Portuguese banks will continue to reduce their large stock of bad debt in 2020 as nonperforming loan portfolios continue to attract yield-seeking investors in a low interest rate environment, lenders write off loans and grow Portugal’s economy continues to outpace that of many of its European neighbors.
But the pace of the decline will slow over the next few years, as the size of the Portuguese market will complicate large-note transactions in the future, analysts said.
Portugal was bailed out to the tune of 78 billion euros during the financial crisis, and while the banking sector was saved thanks to state intervention, it was burdened with one of the biggest piles of debt irrecoverable from Europe. Although banks‘ combined gross NPL stock declined by around € 9 billion, or 32%, to € 19 billion in the first nine months of the year, according to DBRS Morningstar, Portugal still had one of the highest NPL ratios among European banks in the European Banking Authority’s Latest Transparency Exercise.
Data from S&P Global Market Intelligence shows that NPL ratios at individual banks have trended downward over the past two years.
Between the first semester of 2017 and the first semester of 2019, Millennium BCPis almost halved to 5.74% against 11.02%, while that of Novo Banco SA, created from the “good bank” of the ailing group Banco Espírito Santo, fell to 24.96% from 39.86%.
Caixa Geral de Depósitos SA, for which the data was more punctual, saw its ratio fell to 8.76% in the first half of 2019 against 13.19% in the second half of 2017. And Santander Totta SGPS SAwas 5.60% in the second half of 2018, compared to 8.18% during the same period in 2017. Banco BPI SA’s ratio at the end of June 2019 fell year on year to 4.52%, although it was up compared to the first half of 2017.
“In our view, NPLs will continue to decline in 2020,” Nicola de Caro, analyst at DBRS Morningstar, said in an email. “Reducing non-performing loans and non-core assets remains a key priority for Portuguese banks, as the sector’s asset quality is consistently lower compared to the European average. ”
Banks such as Novo Banco have sold bad debt portfolios to foreign funds, which seek returns in a low interest rate environment.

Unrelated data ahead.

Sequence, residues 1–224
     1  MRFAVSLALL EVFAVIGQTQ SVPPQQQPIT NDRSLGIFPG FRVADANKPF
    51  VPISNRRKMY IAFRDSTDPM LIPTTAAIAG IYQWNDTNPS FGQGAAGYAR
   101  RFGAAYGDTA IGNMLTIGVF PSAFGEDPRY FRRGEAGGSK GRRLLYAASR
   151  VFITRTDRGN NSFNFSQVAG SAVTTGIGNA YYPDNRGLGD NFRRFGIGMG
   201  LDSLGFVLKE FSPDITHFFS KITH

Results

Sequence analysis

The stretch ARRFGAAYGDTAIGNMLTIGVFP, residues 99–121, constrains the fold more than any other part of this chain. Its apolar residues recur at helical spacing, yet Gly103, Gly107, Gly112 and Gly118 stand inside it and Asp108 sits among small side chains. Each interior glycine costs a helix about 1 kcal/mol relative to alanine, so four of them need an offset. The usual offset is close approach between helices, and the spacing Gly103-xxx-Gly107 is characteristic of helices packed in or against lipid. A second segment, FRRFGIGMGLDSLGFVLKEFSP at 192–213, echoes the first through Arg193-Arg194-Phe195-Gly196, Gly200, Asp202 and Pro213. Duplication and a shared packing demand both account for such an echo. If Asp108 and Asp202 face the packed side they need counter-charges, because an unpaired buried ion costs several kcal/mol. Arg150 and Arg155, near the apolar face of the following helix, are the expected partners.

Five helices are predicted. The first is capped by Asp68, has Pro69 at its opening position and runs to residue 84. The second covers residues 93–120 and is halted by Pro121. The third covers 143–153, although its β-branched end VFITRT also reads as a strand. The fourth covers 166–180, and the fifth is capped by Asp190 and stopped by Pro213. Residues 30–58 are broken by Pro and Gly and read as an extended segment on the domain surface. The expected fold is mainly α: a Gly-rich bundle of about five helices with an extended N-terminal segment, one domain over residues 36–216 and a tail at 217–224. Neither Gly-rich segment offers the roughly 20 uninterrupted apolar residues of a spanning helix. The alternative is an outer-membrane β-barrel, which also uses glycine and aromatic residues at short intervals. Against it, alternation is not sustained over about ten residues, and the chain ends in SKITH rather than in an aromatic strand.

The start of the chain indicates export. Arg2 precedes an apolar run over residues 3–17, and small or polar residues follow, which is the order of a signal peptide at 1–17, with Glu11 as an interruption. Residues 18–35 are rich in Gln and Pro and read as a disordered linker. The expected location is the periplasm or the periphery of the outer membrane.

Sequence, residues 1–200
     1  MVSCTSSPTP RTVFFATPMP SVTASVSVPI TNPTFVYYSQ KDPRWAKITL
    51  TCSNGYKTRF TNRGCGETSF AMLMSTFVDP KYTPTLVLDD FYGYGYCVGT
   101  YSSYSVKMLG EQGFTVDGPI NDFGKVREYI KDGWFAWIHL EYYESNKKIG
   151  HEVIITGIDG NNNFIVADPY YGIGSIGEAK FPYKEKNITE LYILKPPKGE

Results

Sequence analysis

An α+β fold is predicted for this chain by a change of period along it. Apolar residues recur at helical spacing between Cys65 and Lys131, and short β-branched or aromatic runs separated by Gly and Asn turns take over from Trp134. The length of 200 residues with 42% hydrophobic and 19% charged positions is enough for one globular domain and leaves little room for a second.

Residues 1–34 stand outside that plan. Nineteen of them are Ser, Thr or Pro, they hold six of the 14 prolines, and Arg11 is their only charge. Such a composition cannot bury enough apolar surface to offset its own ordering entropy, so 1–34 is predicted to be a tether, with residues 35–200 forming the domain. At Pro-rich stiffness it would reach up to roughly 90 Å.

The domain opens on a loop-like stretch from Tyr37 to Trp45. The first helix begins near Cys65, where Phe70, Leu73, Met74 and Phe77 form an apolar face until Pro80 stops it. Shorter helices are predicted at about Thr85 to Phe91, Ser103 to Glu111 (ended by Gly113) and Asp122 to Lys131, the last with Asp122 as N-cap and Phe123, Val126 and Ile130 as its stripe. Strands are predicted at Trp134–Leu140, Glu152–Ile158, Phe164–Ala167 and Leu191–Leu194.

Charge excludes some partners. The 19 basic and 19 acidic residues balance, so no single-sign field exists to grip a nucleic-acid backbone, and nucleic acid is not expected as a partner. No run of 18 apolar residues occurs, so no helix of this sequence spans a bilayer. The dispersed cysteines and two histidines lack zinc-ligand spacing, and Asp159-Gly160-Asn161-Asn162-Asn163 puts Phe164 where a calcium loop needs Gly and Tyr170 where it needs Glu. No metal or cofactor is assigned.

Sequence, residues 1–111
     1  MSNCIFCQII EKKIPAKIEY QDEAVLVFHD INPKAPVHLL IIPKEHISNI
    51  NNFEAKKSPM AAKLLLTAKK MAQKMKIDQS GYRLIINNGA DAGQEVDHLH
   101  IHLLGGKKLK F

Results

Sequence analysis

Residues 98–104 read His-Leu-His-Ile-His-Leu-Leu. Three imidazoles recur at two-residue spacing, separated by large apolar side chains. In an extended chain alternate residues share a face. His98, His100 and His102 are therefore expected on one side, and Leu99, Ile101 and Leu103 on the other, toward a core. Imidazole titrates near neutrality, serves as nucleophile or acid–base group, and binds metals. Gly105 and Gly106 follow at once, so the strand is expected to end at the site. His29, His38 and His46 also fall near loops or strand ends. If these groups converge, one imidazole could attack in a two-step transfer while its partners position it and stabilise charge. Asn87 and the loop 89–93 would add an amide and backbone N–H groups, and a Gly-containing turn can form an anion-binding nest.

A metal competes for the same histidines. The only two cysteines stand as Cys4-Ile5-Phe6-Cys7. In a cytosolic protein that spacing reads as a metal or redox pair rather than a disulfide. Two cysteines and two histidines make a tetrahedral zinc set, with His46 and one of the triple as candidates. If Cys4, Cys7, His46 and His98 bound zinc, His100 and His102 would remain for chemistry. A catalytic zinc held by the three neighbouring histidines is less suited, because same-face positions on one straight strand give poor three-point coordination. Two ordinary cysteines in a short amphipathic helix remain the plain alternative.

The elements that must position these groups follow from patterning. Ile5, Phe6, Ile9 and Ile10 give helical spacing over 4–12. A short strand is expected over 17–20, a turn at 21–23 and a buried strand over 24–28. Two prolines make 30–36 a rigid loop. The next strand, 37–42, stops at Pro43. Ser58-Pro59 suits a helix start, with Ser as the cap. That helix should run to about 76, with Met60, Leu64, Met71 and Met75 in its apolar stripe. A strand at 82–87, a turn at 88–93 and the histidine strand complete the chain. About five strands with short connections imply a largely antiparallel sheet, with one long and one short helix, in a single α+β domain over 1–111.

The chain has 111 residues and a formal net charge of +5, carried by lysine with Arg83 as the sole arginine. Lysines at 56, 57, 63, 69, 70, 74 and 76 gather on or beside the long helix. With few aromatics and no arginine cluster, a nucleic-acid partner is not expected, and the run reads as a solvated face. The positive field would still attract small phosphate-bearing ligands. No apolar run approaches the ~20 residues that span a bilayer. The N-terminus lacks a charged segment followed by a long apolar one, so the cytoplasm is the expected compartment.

“This is one of the positive impacts of the negative rate scenario that everyone is looking for yield,” Tom Kinmonth, bond strategist at ABN AMRO, said in an interview. “This is one of the few areas where we are performing well,” he said.
A Portuguese analyst who declined to be named for compliance reasons said NPL’s deals picked up “significantly” in 2018 and demand continued in 2019 amid a “growing appetite for this guy” of assets “.
Rafael Quina, analyst at Fitch Ratings, said he expected the NPL ratio for the Portuguese banking sector to fall to around 7% by the end of 2020, from around 9% at the end of June, helped by sales of NPL, recoveries and write-offs. Over the next two or three years, the ratio will decline further to 5-6%, he said.
Small ticket sales
He said Fitch expects some improvement in asset quality, but a gradual slowdown in the pace of improvement from 2018 and 2019, which were years of “fairly significant” progress, he said. The potential for large transactions in the Portuguese market is limited, with most lenders selling small and medium-sized portfolios to foreign funds, he said.
Additionally, banks are unwilling to sell their bad residential mortgages to distressed investors due to reputational or litigation risk, which limits the amount of loans they can sell, he said. .
Economic growth remains strong in Portugal, despite fears of a slowdown in eurozone economies, and this should help support NPL sales going forward, analysts say. The Portuguese central bank expects the economy to grow 1.7% in 2020, up from 2% in 2019 and 2.4% in 2018.
“It’s still pretty good on a European basis,” said ABN AMRO’s Kinmonth. “The banks have been very well restructured, the loans are still deleveraging … and even a benign year would be rather positive for the development of the NPLs,” he said.
Portuguese companies are managing their debt positions more cautiously than in the past, the legal loan collection process has improved and regulators are pushing for lower NPLs, factors that should help Portuguese banks reduce debt. NPL, Quina said.